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8 February: International Day of Prayer and Awareness Against Human Trafficking 8 February: International Day of Prayer and Awareness Against Human Trafficking  (©artit -

Church on the frontlines in fight against human trafficking

February 8 marks the International Day of Prayer and Awareness Against Human Trafficking, a global phenomenon that Pope Francis has repeatedly condemned describing it as a wound in the side of humanity.

By Linda Bordoni    

A prayer vigil takes place in Rome’s Basilica of St. John Lateran on the evening of February 8 to mark the International Day of Prayer and Awareness Against Human Trafficking that takes place, this year, on the theme “Together against Human trafficking”.

The vigil is officiated by Fr Michael Czerny and Fr Fabio Baggio, Under-Secretaries of the Migrants & Refugees Section of the Vatican Dicastery for Promoting Integral Human Development.

St. Josephine Bakhita

People are also gathering across the world in prayer and observance of the Day which was established by Pope Francis in 2015, marking the feast day of St. Josephine Bakhita, who was kidnapped as a child and sold into slavery in her home country of Sudan. She gained her freedom in Italy, became a Canossian Sister, and dedicated her life to helping the poor and testifying against slavery.

At the launch on Thursday in the Vatican of this year’s International Day, Jesuit Father Michael Czerny said the Migrants and Refugees Section has just released an educational booklet entitled "Pastoral Orientations on Human Trafficking” that aims to provide in-depth information about the phenomenon as wells as tools to help combat it.

Pastoral Orientations

The “Pastoral Orientations”, he says, help us to see more clearly why the depravity of human trafficking continues to persist in the 21st century.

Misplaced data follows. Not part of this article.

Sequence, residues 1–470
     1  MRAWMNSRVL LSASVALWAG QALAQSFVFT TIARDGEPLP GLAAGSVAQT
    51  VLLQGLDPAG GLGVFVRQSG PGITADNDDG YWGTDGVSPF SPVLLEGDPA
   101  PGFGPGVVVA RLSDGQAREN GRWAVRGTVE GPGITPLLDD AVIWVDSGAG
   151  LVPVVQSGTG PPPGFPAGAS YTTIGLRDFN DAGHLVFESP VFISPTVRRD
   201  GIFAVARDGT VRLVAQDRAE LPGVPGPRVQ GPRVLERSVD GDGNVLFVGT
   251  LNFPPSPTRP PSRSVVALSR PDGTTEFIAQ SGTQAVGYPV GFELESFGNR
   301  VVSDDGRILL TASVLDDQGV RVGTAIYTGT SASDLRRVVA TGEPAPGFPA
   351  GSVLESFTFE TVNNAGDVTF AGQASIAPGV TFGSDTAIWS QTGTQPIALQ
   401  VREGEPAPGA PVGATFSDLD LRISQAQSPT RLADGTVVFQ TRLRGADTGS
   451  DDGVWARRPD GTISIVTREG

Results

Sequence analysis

“Is it simply,” he asks, “because human trafficking and slavery are very profitable?”

Fr. Czerny explains the document also helps us to understand, even more deeply, “how the ugly, evil business of human trafficking operates.”

“It stays hidden, and invisible, but it functions nearly everywhere, like corruption,” he says.

He emphasizes that it is the State that must “protect citizens and residents from entrapment and slavery”, however he adds, there is no visible effort to prosecute and punish on the part of the State.

The Pastoral Orientations, Fr. Czerny says, are a tool that can help us to respond here and now, and to commit long-term.

What can you and I do?

“The question is: what can you and I do to help alleviate human trafficking?” he says.

Pointing out that this is the core question behind the World Day of Awarness and Prayer,  Fr. Czerny notes that the testimonies of survivors describe the “unimaginable deception, coercion and suffering” they have been through and witness to “what can be stolen from a human life for the pleasure and profit of others”.

“It is inconceivable – until you listen to a survivor – how it happened to him or to her,” he says.

“At the heart of each survivor’s story is the inviolable, sacred dignity of every human person,” he says, concluding that “at the heart of each survivor’s liberation is the solidarity of others.”


08 February 2019, 15:16